* This is the first in a two-part series.
Charles Chaplin left Mutual Film in 1917 and signed a contract with First National. Their agreement amounted to more than a million dollars per year. Chaplin was the first movie star to sign such a lucrative offer. Loyal to his inner circle, he brought leading lady Edna Purviance and heavy Mack Swain with him, among others.
Although Chaplin’s first feature length film, The Kid (1921), would emerge from his five years at First National, his relationship with the studio was not an amiable one. The struggles between artist and executives would inspire Chaplin to form his own studio, United Artists. Again, this was a first for Hollywood.
Most critics and film historians consider the First National films a notch below the work Chaplin did for Mutual. In the First national shorts, Chaplin’s level of inspiration often noticeably wanes, so the general consensus is, for once, correct. Still, even lesser Chaplin is worthwhile (well, until we get to the late Chaplin features).
A Dog’s Life (1918) was Chaplin’s first short for First National. It was also the first movie to make a million dollars, more than justifying its considerable budget. Chaplin is in full Tramp mode here. Although an immensely popular film, and containing elements which Chaplin would develop more fully in The Kid, A Dog’s Life is an uneven effort.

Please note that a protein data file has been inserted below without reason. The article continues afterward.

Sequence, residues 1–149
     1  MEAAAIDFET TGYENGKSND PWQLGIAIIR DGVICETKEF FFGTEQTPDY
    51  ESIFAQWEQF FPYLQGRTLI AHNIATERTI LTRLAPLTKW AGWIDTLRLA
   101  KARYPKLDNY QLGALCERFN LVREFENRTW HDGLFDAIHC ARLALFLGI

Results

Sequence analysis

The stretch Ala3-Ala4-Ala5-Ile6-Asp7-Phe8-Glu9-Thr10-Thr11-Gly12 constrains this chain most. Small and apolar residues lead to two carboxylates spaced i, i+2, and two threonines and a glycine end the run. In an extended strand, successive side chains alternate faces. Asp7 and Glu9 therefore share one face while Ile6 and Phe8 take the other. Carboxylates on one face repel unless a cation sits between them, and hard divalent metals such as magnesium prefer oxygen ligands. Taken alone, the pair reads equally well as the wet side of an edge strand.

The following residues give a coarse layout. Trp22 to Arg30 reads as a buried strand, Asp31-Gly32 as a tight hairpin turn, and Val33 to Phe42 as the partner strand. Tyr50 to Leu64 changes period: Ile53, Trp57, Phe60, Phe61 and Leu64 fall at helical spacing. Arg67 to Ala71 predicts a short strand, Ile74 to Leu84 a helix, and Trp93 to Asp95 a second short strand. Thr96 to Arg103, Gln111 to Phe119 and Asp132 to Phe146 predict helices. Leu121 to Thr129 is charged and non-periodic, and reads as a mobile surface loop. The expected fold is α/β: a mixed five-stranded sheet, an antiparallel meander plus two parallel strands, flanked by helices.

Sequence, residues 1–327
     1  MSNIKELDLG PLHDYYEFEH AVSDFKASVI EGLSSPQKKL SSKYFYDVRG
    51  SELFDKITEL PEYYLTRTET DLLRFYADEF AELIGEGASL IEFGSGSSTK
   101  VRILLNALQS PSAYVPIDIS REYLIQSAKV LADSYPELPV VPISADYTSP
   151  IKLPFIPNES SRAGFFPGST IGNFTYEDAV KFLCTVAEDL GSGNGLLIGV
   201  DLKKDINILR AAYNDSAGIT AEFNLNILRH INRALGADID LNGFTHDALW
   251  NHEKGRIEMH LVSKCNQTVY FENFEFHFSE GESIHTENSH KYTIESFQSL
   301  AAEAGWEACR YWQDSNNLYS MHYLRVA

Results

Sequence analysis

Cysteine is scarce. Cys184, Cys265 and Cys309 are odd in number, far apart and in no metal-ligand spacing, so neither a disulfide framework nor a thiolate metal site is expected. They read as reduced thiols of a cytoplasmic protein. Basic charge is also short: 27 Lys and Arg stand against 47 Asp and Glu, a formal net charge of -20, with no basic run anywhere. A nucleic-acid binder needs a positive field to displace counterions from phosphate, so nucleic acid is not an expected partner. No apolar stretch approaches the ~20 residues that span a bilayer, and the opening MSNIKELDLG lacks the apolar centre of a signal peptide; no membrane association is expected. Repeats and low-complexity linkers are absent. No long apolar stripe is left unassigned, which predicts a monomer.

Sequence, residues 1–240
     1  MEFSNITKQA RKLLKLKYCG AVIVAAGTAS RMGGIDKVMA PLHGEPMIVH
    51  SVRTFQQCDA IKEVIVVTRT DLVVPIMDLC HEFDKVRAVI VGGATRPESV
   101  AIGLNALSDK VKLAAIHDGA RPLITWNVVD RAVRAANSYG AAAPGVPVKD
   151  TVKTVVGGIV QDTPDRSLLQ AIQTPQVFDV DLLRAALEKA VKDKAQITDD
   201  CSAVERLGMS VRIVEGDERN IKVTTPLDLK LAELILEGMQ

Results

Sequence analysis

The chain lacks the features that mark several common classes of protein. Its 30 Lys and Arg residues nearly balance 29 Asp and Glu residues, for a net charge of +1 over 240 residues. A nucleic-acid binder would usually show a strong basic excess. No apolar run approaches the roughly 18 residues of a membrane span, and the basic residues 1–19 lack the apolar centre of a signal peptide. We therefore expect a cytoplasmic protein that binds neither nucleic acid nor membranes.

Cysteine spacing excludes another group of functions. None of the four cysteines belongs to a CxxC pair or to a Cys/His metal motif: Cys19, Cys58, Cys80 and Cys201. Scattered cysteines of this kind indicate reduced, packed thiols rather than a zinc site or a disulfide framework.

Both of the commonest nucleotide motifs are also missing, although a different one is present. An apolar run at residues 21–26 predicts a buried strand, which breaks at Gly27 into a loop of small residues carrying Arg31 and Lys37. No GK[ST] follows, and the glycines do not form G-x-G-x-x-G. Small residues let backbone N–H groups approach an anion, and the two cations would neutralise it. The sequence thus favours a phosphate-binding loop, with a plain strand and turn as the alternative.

Dawn brings only another day of misery in poverty. The Tramp ingeniously tires to steal a hotdog, but policeman Tom Wilson shows up to soil the spoils (Wilson would appear as the same character in The Kid).
In flight, the Tramp saves a mongrel, Scraps, from a scrape with a pack of dogs. Scraps, like the Kid (and, the Gamin later still) is a reflection of sorts of the Tramp, creating an identifying bond between the two.
The Tramp is a scrapper himself, fighting desperately for employment, but to no avail, alas. Dog and man enter The Green Lantern bar to find a mother and wife figure in Edna, who, as an amusingly awkward torch singer, has the locals in buckets of tears. (Literally. This scene also includes Henry Bergman in mighty uncomfortable drag).
Edna’s Big Boss Man threatens her with: “flirt or you’re fired! Give them a wink and smile!” Poor Edna’s just no good at flirting. “Do you have something in your eye?” asks the Tramp. Now Edna’s out of a job.
Lo and behold, some local bank robbers have buried some money, which Scraps has located. It looks like Paradise has been found, but not before at least one more scrap (which involves a surreal rendezvous with the crooks in a booth).
An over-written, bucolic finale rings phony. Ambiguity pointing to a release from the hell of poverty would have worked considerably better.
Shoulder Arms (1918) finds Chaplin again in social commentary mode, which was a gutsy move considering that the star was under intense Continue reading CHAPLIN AT FIRST NATIONAL (PART I)